Friday, September 4, 2009

France’s unemployment rate climbs

"France’s unemployment rate climbed to the highest in at least three years in the second quarter as companies cut jobs in an effort to squeeze costs after the worst recession since World War II.

The jobless rate rose to 9.5% from a revised 8.9% in the first quarter, Paris-based statistics office Insee said today. Excluding France’s overseas territories, the unemployment rate increased to 9.1% from a revised 8.5% in the first three months of the year.

While France exited a yearlong recession in the second quarter, with gross domestic product expanding 0.3%, economists expect more job cuts as companies implement decisions taken when the economy was shrinking.

“Assuming the turning point in the economy came in the second quarter, that would imply unemployment peaking at the beginning of 2010 at the earliest,” Laurent Bilke, an economist at Nomura International in London, said by phone before today’s report. “Jobs decisions are very heavy, they’re the last thing you adjust.”

Companies such as Alcatel-Lucent SA and Air France-KLM Group are trimming their workforces to match weaker sales triggered by the recession.

Almost 700,000 jobs will be shed in 2009, Insee forecast last month. So far this year, 420,900 jobs have been lost, according to Labor and Finance Ministry numbers.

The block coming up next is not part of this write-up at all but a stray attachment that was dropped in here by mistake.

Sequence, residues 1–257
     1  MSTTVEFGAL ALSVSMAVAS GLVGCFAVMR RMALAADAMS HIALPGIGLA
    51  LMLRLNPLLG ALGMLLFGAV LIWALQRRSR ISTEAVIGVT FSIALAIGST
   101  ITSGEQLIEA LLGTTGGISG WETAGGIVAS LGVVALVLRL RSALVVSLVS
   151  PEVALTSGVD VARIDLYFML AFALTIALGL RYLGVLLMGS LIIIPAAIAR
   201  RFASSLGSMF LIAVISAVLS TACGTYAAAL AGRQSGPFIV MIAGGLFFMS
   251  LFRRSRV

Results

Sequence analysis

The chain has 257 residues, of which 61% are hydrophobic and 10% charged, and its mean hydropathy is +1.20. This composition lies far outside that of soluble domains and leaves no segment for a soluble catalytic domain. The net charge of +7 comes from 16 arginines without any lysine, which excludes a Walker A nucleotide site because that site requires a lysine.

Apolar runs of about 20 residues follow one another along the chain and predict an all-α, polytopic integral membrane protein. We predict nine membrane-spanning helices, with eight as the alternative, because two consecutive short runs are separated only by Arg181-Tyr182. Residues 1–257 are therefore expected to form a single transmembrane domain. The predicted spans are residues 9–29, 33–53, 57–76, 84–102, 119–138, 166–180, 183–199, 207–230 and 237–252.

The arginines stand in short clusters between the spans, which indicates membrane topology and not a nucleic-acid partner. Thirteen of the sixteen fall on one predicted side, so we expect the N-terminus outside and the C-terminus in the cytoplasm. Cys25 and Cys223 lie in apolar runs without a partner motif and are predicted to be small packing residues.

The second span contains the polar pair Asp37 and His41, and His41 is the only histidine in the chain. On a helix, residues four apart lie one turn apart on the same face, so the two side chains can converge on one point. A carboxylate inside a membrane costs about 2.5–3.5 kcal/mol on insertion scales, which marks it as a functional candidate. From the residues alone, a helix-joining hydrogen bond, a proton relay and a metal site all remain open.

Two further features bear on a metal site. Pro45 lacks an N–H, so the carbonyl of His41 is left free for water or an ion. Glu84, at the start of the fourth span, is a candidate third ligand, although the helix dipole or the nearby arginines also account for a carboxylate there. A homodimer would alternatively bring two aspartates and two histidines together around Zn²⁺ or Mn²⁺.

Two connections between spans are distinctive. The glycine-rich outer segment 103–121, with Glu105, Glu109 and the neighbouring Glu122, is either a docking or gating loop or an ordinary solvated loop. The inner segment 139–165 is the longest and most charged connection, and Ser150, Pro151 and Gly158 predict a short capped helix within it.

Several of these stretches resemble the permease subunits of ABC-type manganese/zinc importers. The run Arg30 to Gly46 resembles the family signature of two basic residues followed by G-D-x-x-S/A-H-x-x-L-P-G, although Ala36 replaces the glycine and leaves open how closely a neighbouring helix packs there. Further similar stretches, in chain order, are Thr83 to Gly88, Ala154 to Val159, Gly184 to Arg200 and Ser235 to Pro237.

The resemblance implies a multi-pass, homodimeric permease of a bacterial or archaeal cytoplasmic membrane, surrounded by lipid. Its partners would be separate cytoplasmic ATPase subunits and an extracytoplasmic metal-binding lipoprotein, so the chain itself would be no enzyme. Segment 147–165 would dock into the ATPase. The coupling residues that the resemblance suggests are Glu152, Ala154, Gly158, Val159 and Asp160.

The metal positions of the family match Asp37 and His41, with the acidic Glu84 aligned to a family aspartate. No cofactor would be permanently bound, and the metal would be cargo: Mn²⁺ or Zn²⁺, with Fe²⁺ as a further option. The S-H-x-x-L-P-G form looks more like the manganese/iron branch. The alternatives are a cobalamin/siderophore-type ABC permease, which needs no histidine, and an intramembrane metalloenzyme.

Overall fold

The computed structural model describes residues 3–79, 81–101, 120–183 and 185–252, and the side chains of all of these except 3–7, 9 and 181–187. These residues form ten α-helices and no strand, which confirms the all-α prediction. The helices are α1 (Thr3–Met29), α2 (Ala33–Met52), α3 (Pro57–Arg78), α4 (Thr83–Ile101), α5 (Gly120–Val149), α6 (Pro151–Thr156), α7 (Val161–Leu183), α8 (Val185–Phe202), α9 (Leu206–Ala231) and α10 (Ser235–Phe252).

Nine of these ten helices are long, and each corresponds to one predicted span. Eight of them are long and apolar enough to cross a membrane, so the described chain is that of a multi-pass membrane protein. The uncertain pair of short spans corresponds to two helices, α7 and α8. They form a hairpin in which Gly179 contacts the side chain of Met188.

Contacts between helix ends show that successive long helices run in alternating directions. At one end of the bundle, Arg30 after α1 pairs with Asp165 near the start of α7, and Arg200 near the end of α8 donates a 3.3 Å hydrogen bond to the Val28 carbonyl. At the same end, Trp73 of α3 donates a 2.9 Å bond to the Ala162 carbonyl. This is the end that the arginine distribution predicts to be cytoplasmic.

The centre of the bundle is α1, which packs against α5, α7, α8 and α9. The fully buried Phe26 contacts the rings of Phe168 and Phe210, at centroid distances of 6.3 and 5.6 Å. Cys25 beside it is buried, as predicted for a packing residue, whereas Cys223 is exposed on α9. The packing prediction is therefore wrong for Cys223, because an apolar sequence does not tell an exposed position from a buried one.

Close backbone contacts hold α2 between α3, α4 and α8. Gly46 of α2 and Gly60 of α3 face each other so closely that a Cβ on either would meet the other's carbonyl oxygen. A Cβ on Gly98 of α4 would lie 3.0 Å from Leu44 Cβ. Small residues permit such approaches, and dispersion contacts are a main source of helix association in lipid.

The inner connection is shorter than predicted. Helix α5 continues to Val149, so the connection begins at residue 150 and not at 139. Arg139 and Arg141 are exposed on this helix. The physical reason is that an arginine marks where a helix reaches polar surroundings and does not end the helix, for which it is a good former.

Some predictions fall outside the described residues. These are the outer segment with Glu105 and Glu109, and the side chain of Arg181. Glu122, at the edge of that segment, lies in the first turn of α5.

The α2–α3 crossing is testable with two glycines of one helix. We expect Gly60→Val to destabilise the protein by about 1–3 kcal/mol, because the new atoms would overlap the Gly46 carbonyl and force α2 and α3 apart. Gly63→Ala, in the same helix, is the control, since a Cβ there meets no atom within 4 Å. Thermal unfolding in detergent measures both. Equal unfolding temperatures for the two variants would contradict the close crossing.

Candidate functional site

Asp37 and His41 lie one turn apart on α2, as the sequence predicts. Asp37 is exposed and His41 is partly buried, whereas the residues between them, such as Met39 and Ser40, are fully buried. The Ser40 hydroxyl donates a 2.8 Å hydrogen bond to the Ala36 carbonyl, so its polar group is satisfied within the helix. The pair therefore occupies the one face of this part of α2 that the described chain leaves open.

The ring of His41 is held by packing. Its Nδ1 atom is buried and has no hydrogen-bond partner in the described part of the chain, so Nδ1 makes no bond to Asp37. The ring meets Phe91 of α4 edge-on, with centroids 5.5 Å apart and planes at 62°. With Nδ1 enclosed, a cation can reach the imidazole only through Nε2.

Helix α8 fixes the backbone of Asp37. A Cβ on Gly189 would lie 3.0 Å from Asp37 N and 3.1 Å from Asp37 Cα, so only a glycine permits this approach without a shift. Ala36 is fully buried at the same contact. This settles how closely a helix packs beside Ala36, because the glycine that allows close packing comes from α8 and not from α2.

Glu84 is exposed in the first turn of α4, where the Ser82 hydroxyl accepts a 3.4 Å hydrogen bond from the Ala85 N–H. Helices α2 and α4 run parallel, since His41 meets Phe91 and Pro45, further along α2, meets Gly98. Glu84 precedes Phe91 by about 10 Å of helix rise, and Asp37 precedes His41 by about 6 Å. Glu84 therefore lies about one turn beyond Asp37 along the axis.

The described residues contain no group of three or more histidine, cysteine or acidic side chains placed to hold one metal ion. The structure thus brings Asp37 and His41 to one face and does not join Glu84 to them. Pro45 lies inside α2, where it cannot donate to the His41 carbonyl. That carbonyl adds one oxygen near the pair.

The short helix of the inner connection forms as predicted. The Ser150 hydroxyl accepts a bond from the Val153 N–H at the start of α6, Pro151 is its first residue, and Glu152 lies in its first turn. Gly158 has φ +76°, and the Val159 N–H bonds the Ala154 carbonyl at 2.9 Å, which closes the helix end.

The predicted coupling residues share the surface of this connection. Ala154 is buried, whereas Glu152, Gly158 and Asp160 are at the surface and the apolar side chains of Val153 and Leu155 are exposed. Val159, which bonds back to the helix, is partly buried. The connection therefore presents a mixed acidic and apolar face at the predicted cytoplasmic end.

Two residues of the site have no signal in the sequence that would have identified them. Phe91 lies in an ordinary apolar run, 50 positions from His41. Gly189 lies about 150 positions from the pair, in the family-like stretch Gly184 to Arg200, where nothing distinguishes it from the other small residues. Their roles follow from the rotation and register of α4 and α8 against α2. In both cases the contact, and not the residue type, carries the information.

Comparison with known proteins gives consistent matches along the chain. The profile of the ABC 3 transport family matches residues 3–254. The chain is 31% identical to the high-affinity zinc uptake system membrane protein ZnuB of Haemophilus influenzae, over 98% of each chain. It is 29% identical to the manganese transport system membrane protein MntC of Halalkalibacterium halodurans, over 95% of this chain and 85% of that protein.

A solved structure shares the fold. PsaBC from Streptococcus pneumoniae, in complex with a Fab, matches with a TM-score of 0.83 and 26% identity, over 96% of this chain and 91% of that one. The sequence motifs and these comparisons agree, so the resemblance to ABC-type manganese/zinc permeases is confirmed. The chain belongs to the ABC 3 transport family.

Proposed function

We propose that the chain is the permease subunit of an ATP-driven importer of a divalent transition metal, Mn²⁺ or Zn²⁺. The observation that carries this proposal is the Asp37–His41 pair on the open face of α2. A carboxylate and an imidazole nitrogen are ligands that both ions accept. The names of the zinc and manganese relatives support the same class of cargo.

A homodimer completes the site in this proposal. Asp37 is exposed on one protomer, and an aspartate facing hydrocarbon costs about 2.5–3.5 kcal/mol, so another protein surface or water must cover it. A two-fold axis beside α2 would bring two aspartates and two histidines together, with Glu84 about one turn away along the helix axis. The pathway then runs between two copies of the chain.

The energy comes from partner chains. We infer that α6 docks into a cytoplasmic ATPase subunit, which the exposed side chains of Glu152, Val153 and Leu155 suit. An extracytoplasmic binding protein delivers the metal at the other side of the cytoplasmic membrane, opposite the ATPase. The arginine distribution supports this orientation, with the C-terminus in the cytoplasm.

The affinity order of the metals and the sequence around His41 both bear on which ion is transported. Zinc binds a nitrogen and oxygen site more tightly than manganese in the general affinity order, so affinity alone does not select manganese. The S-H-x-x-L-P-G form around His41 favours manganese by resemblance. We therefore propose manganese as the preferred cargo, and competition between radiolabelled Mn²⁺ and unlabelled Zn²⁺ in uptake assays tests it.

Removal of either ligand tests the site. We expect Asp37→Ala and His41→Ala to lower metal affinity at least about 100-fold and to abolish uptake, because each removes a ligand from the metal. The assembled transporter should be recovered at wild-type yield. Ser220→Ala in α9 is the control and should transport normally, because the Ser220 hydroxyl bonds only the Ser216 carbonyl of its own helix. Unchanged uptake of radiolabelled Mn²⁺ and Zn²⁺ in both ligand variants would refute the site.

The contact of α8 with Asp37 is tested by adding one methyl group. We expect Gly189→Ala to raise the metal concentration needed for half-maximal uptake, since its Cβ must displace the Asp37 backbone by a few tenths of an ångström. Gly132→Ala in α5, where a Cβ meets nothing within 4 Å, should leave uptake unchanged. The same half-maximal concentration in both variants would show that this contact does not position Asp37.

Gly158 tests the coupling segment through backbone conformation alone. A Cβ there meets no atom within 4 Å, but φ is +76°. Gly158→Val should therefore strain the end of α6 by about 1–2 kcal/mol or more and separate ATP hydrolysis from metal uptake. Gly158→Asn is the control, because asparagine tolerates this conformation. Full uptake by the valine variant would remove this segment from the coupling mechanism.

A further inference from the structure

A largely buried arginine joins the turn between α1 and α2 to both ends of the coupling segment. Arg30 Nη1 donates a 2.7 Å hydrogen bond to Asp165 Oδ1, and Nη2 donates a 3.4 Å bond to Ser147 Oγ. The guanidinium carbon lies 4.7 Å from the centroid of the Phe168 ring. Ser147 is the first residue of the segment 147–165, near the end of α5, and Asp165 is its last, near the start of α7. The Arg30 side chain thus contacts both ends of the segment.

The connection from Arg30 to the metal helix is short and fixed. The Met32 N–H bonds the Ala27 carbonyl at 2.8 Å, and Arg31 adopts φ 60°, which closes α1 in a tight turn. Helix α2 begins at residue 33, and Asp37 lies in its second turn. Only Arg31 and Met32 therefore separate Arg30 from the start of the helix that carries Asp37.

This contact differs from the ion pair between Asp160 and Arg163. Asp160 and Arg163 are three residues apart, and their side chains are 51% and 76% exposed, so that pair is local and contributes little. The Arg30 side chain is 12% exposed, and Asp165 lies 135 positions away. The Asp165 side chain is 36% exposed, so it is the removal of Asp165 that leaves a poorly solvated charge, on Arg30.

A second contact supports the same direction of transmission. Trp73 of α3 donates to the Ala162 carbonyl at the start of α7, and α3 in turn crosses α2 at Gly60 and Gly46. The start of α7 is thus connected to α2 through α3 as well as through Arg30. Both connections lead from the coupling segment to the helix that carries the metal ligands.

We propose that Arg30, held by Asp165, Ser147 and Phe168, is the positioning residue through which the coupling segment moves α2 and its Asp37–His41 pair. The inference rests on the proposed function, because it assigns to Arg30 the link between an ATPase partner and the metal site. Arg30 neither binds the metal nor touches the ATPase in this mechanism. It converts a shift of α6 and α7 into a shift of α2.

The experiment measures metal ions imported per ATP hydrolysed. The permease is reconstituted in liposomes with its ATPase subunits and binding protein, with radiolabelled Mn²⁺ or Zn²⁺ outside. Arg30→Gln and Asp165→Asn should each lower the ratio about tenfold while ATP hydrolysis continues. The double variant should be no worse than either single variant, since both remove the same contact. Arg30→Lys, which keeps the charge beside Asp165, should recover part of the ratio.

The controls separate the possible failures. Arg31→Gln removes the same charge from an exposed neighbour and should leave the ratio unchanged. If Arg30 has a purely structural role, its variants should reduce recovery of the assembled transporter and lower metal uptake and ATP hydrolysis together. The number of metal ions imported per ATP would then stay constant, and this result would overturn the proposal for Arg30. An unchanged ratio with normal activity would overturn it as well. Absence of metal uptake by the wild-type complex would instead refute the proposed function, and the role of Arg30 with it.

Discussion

The government is preparing for further job cuts this year by hiring employment agencies to help jobseekers find temporary work. In June, the Finance Ministry began offering 1,000 euros (1,428) to companies for every person hired as an apprentice in an effort to combat youth unemployment. The measure is scheduled to remain in place for one year."

Source: Reuters


This is an interesting piece. During the last conference call, Manpower said that the French market has stabilized. It will be interesting to hear Manpower provide more color regarding their French market where they are the market leader if they indeed see this market stabilize. The European market continues to see high unemployment rate and bleak signs of an upturn. Although France and Germany have seen an up tick, it remains to be determined to see if this is sustainable.

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